The next day’s tailgate was just as overwhelming and amazing. By game time, I found myself wanting nothing but to sit in silence and take it all in… take in every second. Process every success and every failure.
I opted not to go to the game, instead sitting just outside of the stadium listening to the game as the Aggies shut out the Commodores.
At one point, a group of girls seemed to appear out of nowhere and join me at the firepit we had at the tailgate. These ladies were just what I needed in that moment. They had passion and excitement for all it meant to be an Aggie while also clearly being on the path to being professionals in their fields. They made me smile, and they grounded me from two days of madness. Making sure these women and all the Aggies visiting Music City had a good time was what it all meant.
As I hugged the necks of the representatives of the Association of Former Students, saying good bye to these new friends I so respected and appreciated, I felt relief but also a lot of sadness that it was all over. I wasn’t ready to say good bye….
But silly me. Two weeks later we found out the Aggies were coming BACK to Nashville for the Music City Bowl. Hey, lets do all this over again, but plan it in two weeks with Christmas right in the middle. I felt myself pressuring myself to do even better that last time.
However, this time, the Association took the lead, and I was able to relax a bit more and enjoy. Plus, since we had JUST done all these events, we knew better what to expect and how to handle it all. (By the way, though, a bowl game versus a regular season game… two totally different beasts. I learned SO MUCH about the bowl process this year!)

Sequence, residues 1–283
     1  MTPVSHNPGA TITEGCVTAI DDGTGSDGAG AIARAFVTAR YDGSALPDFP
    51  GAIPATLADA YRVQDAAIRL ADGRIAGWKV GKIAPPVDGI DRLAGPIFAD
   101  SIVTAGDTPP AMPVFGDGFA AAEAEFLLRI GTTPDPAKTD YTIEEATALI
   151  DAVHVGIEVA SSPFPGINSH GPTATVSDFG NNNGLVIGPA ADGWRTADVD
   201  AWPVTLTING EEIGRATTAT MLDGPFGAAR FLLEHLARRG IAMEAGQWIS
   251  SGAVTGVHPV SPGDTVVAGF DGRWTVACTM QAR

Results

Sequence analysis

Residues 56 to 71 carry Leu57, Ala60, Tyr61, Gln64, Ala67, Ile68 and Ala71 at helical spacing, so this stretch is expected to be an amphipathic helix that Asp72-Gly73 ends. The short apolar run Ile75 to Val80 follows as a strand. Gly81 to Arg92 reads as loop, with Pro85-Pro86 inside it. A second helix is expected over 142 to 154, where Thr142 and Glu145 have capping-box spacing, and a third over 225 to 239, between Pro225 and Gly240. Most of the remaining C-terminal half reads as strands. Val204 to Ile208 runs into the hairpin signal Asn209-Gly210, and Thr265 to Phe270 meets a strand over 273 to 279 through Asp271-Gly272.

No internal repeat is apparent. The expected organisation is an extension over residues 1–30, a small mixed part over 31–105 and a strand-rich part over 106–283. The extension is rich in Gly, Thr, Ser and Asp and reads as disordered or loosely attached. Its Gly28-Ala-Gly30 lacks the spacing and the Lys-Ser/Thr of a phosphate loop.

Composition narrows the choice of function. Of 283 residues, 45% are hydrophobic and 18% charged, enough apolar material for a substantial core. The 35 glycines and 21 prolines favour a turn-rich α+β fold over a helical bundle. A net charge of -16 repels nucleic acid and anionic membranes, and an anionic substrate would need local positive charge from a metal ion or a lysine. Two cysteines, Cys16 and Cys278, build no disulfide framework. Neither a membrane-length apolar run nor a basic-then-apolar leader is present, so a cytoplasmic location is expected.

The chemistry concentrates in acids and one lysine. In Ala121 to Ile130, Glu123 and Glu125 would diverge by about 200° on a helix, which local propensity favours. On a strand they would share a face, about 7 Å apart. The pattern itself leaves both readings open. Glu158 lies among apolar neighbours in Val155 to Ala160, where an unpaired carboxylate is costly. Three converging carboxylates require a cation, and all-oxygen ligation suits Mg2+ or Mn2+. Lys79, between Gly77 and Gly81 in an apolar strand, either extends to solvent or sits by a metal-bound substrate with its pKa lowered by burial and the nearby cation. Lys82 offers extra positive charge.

December 30th, I said a much more definitive good bye to the Association representatives. Okay, more like, “See ya later” but still… I definitely felt sad to see them leave. I truly enjoy them as people, and I hope to maintain friendships with them for years to come.
As we drove away from Nissan Stadium that night, I found myself feeling like my Aggie journey had lead me to that moment. We did it. We pulled off hosting Aggies in our city TWICE in less than six weeks. That was huge…
I truly believe everything you do in life is getting you ready for the next step. Life lead me to Texas A&M. The last nine years prepared me for the game day events, as every Muster taught me something more about event planning.
Then the Vanderbilt game and the Music City Bowl lead me to learn how to delegate and give direction versus doing it all myself. It taught me to let go and trust others to do the job they have agreed to do… something I had always had a hard time with doing.
Finally, I have made connections and contacts that I will hold dearly and respectfully for years to come — both personally and professionally.
My Aggie journey began long before I was even born…
…and it has a long way to go.
I can’t wait to see whats next. Gig’em, y’all. And God Bless.